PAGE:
Music Magazine Spotlights Student Guitarists Emma Moseley and Maya Locke
As of last spring, Emma Moseley had taken Bobby Stanton’s class Guitar Artists for every semester she’d been at Berklee. She was considering enrolling in a different lab for her fourth term, last fall, until she heard that fellow guitarist Maya Locke, and Locke’s roommate, Mena Lemos, had signed up for Stanton’s course.
“I was like, ‘I have to take it...it’s two other girls that play fingerstyle. I have to be there. There’s none of us! We don’t exist!” Moseley said, laughing, recalling the many times she’s been the only female guitarist in the room.
The women, plus classmate Min Sung Kim, made such a high-caliber group that last month Fingerstyle Guitar Journal featured Moseley and Locke in its quarterly issue. (Lemos had taken a break from playing due to a broken thumb.)
“I’m excited about it not only because it’s Berklee students, but it’s an opportunity to feature two female musicians,” said Bill Pilburn, the magazine’s publisher. “To be honest, I mean, the guitar world has been kind of dominated by men, and nowadays there are so many accomplished female guitarists.”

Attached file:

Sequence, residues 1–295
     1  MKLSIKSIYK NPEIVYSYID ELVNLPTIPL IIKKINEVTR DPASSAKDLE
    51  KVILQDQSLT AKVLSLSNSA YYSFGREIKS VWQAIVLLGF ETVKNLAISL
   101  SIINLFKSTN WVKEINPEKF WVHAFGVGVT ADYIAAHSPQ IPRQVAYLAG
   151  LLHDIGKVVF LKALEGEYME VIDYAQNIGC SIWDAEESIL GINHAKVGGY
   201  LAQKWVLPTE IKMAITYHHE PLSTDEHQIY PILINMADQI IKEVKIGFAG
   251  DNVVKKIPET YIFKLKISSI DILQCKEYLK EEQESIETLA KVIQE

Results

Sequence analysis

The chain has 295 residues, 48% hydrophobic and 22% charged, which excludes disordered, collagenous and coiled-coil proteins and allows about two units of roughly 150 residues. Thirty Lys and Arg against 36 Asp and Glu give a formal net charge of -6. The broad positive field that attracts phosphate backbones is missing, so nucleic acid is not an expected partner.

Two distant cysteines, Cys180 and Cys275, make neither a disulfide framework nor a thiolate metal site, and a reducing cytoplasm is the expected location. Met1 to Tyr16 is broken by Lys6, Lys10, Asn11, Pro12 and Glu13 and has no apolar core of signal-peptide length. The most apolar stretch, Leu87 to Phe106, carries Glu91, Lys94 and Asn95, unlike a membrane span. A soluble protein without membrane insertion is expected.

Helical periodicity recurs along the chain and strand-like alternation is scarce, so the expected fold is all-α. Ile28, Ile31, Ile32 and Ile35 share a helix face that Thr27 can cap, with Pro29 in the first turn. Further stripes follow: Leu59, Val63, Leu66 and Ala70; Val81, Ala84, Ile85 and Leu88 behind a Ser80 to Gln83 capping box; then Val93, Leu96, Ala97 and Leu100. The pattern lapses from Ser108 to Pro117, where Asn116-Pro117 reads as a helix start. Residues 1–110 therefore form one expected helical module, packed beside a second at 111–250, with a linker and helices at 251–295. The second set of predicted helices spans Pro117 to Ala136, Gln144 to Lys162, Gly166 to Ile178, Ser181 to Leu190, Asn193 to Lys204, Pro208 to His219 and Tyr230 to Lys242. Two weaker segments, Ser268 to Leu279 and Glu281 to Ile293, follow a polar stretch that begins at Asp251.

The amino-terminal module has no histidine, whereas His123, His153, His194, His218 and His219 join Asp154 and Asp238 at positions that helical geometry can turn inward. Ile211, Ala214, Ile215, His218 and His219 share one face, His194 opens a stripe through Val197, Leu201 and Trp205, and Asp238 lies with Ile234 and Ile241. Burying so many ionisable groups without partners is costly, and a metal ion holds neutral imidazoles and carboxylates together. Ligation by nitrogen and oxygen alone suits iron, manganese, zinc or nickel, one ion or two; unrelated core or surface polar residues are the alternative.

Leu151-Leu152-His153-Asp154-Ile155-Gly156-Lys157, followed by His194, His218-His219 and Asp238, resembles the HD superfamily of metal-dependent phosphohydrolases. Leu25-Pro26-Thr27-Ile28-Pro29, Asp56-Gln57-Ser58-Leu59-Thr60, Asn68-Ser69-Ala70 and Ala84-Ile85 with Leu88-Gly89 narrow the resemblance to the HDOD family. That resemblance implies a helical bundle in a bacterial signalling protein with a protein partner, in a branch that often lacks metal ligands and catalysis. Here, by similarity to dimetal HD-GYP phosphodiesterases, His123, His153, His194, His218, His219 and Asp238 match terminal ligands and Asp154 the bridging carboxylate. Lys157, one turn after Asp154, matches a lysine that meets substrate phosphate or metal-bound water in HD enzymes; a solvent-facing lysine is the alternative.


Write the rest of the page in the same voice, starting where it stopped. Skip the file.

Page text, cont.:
Stanton, an associate professor in the Guitar Department, said that while the whole class is impressive, Moseley and Locke stand out.
“I think [Emma] is going to be the next big thing in the guitar world,” he said of Moseley, a traditional fingerstyle guitarist in the style of Tommy Emmanuel.
And Locke, he said, is a musician of extraordinary intelligence who was able to figure out how guitarist Alan Gogoll plays harmonics with both hands, a technique called “bell harmonics.” “Everybody in the world literally has been trying to figure out how this guy did this, and she figured it out,” he said.